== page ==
Drug and alcohol misuse at any age carries with it a severe risk not only for the user but for those around them as well. And while drug and alcohol misuse can occur with anyone, at any time, and under just about any circumstances, this life-threatening crisis does seem to affect various demographics differently.
If you’ve had your eye on health news, you’ve probably heard “fentanyl” mentioned more than once in the last year. And why is that? Fentanyl is a powerful and potent opioid pain reliever first introduced into the medical pain-relief sector for treating cancer patients.
It’s no small task to measure the addiction potential of a substance. But researchers still put in the effort do this in order to furnish us with valuable information about different drugs. That information can help us greatly in addressing the drug crisis that our nation is mired in.
Ketamine was bad enough. We don’t need another drug that’s even worse. Meet methoxetamine.
When we think of drug use, the first thing we think of is not inhalants. Some don’t even know what these drugs are. We usually think of heroin, opioid painkillers, cocaine, crack cocaine, meth, alcohol, marijuana, etc.
We have all likely heard of heroin, the drug whose very name inspires thoughts of sorrow and despair when we hear it spoken. Heroin’s wicked web of addiction and dependence of millions of people over the years has built a thoroughly bad reputation for this life-threatening drug.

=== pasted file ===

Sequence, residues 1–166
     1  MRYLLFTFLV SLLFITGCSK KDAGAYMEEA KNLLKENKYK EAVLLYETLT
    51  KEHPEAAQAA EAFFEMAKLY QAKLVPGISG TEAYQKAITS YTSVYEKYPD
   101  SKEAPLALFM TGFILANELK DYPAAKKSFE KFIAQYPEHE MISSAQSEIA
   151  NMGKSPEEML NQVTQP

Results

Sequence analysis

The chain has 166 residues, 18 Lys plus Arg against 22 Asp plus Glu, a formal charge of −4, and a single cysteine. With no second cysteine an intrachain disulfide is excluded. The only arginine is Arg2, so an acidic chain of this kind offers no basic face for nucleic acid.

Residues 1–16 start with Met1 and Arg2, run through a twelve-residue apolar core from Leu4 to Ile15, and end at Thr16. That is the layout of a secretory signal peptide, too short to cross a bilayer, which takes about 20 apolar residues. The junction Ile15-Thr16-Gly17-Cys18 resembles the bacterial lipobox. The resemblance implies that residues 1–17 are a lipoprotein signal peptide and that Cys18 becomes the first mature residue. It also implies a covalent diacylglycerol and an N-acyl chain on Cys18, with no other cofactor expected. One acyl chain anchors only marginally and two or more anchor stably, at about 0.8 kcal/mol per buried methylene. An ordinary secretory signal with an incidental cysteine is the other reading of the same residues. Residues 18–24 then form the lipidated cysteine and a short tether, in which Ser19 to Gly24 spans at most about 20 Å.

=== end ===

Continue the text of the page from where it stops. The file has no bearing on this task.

Have you ever wondered if you might have a problem with alcohol? Now’s the perfect time to take a moment to evaluate your scene and see if you’re on the right track.
If you’ve had an ear to the ground on the recent drug news and its media coverage, you may have heard whisperings and suggestions that psychedelics, hallucinogens, and a few other designer drugs are supposedly “helpful” or beneficial for addressing certain mental health issues.
For those of us who follow the medical news, we may have heard whisperings about the use of psychedelic drugs for addressing mental health issues. This is a relatively new movement, or at the very least, it’s a new spin on the 1970s-era effort to create legitimacy for psychedelics in the field of mental health.
Sometimes we hear this idea tossed around that, “Not all drugs are created equal,” or “Not all drugs are the same, some are worse than others.” We have to be careful with this concept because it precludes the general fundamental truth that all drugs are unhealthy and risky.